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Kilowatt Ours

February 29, 2008

Last week, the Frontier Café in Brunswick, Maine hosted a viewing of Kilowatt Ours–a short film about different ways we can all improve our energy efficiency. The slightly kitschy film starring Jeff Barrie (the filmmaker) and his wife explores the impacts of our large appetite for energy and the importance of finding alternatives to our current reliance on coal.     

Barrie sets the stage with footage of coal mining practices in Appalachia–namely mountain top removal coal mining which literally involves blasting away whole mountains to get at the coal underneath. The most compelling footage, however, is of a coal slurry spill in Appalachia. In October 2000, a total of 300 million gallons of coal slurry (a toxic mix of carcinogens and heavy metals that is a by-product of “cleaning” the coal after it comes out of the ground) poured into a fork of the Big Sandy River when a containment pond failed. The slurry buried over 75 miles of waterway, effectively killing the river. It flooded houses and yards, contaminated the drinking water of countless communities and disrupted or killed tons of wildlife. 

So, how do we reduce our reliance on coal?  

By increasing our efficiency and tapping into alternative energies. There are a bunch of ways to do this and some of them will save you a chunk of change in the long run. (The Barrie’s cut their power bill in half by changing to CFLs and upgrading their fridge.)  

  •      You’ve heard it before, but replacing your regular incandescent light bulbs with Compact Fluorescent Lightbulbs (or CFLs) is a quick way to save money and use less energy. Although CFLs cost a little more than regular lightbulbs, they last way longer and use three quarters less energy. One warning: they’ve got mercury in them so make sure you follow the specific guidelines for recycling and cleaning up broken bulbs.
  •      When it comes time to replace your appliances, make sure you buy Energy Star certified ones. Energy Star is a certification program that rates appliances on how much energy they use–or more appropriately, how much energy they save. New models are constantly improving their efficiency–today’s fridges are 20% more efficient than the ones built just 2 years ago–so even if you could squeeze another year or so out of an old clunker, it may save you more money to replace it with a more efficient model.
  •      If your furnace dates back to the original Star Wars movie you’ll probably need an upgrade sometime soon. Rather than just replacing your HVAC system (heating, ventilation, and air conditioning) with a newer model, consider installing a geothermal heat pump. Geothermal pumps tap into the stable temperature of the ground in order to provide heating in the winter and cooling in the summer. It can be expensive to install, but the savings more than make up for it over the life of the system–especially considering the rising cost of oil.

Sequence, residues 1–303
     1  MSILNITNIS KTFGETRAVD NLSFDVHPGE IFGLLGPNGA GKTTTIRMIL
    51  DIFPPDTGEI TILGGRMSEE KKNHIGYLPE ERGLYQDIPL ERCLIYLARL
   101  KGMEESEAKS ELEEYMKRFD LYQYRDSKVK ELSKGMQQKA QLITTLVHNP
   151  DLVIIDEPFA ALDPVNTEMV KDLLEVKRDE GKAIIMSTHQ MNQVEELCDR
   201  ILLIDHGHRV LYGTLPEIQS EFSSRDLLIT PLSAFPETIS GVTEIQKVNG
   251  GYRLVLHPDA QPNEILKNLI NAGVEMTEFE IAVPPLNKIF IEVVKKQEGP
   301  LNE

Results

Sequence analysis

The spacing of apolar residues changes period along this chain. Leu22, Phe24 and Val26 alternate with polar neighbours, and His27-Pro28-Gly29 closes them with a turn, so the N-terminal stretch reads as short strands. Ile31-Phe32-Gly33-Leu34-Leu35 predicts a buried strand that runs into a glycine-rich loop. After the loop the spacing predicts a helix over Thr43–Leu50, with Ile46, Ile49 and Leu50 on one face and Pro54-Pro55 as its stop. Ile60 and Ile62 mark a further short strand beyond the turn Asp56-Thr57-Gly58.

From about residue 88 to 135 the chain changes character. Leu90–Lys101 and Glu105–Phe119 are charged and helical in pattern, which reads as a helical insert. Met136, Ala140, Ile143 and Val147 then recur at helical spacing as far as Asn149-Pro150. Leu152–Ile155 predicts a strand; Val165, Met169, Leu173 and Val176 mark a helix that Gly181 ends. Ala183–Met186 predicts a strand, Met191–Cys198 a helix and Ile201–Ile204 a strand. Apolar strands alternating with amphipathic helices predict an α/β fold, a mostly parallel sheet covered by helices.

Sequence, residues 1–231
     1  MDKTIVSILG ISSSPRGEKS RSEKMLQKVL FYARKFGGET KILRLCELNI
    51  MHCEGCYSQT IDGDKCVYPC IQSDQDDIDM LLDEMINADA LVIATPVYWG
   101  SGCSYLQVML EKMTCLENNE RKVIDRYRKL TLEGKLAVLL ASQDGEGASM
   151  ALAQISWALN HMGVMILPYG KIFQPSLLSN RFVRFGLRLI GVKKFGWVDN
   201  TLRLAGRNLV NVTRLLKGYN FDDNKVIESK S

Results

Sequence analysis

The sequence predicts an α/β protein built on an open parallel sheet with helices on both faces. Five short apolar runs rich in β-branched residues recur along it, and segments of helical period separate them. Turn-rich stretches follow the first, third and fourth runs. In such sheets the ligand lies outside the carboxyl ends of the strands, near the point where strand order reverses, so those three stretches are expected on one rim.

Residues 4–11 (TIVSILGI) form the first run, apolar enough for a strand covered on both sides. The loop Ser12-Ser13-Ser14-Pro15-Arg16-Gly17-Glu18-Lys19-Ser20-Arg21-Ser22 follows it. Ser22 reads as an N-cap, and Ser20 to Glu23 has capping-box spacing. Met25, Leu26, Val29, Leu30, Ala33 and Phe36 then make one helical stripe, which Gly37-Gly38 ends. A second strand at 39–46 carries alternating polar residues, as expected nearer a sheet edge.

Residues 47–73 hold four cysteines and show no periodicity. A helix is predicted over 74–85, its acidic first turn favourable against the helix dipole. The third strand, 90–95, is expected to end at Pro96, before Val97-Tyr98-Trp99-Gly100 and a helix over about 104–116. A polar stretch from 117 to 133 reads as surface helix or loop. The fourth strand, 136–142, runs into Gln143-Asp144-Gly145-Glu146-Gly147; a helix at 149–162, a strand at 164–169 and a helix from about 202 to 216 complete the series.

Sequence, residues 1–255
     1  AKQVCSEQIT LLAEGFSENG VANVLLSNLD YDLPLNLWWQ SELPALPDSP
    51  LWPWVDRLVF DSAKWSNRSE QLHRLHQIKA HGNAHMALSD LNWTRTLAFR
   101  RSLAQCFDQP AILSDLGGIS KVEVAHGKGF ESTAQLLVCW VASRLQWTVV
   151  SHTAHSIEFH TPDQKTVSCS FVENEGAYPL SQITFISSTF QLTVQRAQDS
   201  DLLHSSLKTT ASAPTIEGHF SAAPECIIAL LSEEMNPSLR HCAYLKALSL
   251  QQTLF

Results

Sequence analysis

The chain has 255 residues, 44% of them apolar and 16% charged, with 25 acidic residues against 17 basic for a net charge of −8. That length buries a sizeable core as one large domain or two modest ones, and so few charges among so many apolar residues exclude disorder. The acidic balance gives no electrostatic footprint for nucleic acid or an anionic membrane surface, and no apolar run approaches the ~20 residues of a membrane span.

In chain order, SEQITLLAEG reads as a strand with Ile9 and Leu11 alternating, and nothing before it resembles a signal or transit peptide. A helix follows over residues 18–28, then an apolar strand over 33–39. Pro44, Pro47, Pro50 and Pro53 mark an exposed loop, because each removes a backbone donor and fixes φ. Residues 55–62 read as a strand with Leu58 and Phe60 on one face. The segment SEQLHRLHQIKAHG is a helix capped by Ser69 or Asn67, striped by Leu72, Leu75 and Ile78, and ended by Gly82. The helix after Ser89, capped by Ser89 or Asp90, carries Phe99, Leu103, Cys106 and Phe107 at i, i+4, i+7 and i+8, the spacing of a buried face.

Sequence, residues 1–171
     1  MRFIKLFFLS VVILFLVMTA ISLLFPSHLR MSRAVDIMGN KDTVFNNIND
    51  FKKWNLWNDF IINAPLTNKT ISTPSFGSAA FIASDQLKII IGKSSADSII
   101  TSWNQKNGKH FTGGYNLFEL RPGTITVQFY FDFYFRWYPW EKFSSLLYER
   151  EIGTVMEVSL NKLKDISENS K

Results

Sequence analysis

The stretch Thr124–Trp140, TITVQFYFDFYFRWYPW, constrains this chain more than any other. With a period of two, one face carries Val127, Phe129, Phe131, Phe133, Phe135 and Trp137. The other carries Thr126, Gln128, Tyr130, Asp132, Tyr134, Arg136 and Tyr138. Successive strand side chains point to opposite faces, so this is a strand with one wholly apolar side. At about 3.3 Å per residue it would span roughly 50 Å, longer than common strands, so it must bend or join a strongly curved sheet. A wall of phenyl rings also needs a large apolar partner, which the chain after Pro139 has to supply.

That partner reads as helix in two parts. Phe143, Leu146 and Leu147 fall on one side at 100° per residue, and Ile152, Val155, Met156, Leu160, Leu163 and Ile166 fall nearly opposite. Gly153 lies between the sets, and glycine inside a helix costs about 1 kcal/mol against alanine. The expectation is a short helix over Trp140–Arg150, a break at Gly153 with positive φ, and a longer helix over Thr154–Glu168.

•      Installing solar panels or a wind turbine can also save you money. And if you generate more power than you need, the excess electricity gets put back into the system and your power meter spins backwards. Solar panels are becoming increasingly more affordable, even on par with coal (see Nanosolar ). And the technology is getting way cooler. Now you can get roof shingles that double as solar panels and soon hybrid drivers will be able to buy aluminum solar panels for the roofs of their cars. 
  •      If you can’t afford to generate your own “green energy,” you can always switch to buying green electricity from your local utilities. Most suppliers offer green alternatives–electricity generated from solar arrays, wind turbines and low-impact hydro electric dams–at just a slight premium. This won’t save you any money, but it reduces our dependance on fossil fuels. Here’s the deal: the more alternative energy we ask for, the less electricity will come from coal–that means more solar arrays and less coal-fired power plants.

 There’s lots of information on energy efficiency / alternative energy out there, but if you have a question, please post a comment. And if we can answer it, we will.  

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3 Comments leave one →
  1. Steve permalink
    February 29, 2008 7:52 pm

    CFLs really help. There are a couple great online tools available to see what bulbs would work best in your home. For example, there is a nice color temperature chart at http://www.springlightcfl.com/cfl_color_temperature.aspx .

    Want to see how much money, electricy and carbon you can save? Check out this CFL savings calculator at <a href=”http://www.springlightcfl.com/consumer/energy_savings_calculator.aspx”?http://www.springlightcfl.com/consumer/energy_savings_calculator.aspx..

    Save even more energy by not leaving your home to make the switch, you can buy these things right online at several different places. I used http://www.springlightstore.com/ and replaced almost my whole home.

    I still need to find some that are dimmable for my ceiling fans. That is my only challenge at the moment.

    I don’t worry a lot about the mercury. In researching I found that the mercury in these bulbs is barely enough to cover the tip of a pin. The amount of mercury these things save from being put into the air way more than justifies the purchase of these bulbs.

  2. Susy permalink
    March 2, 2008 8:55 pm

    I am very happy that you mentioned the mercury in CFLs! Energy star likes to leave out that little fact because they think people won’t buy them if they know that. Now if energy star and EPA would just work together to figure out better disposal options…

  3. March 27, 2008 3:17 pm

    I will need to check that film out!

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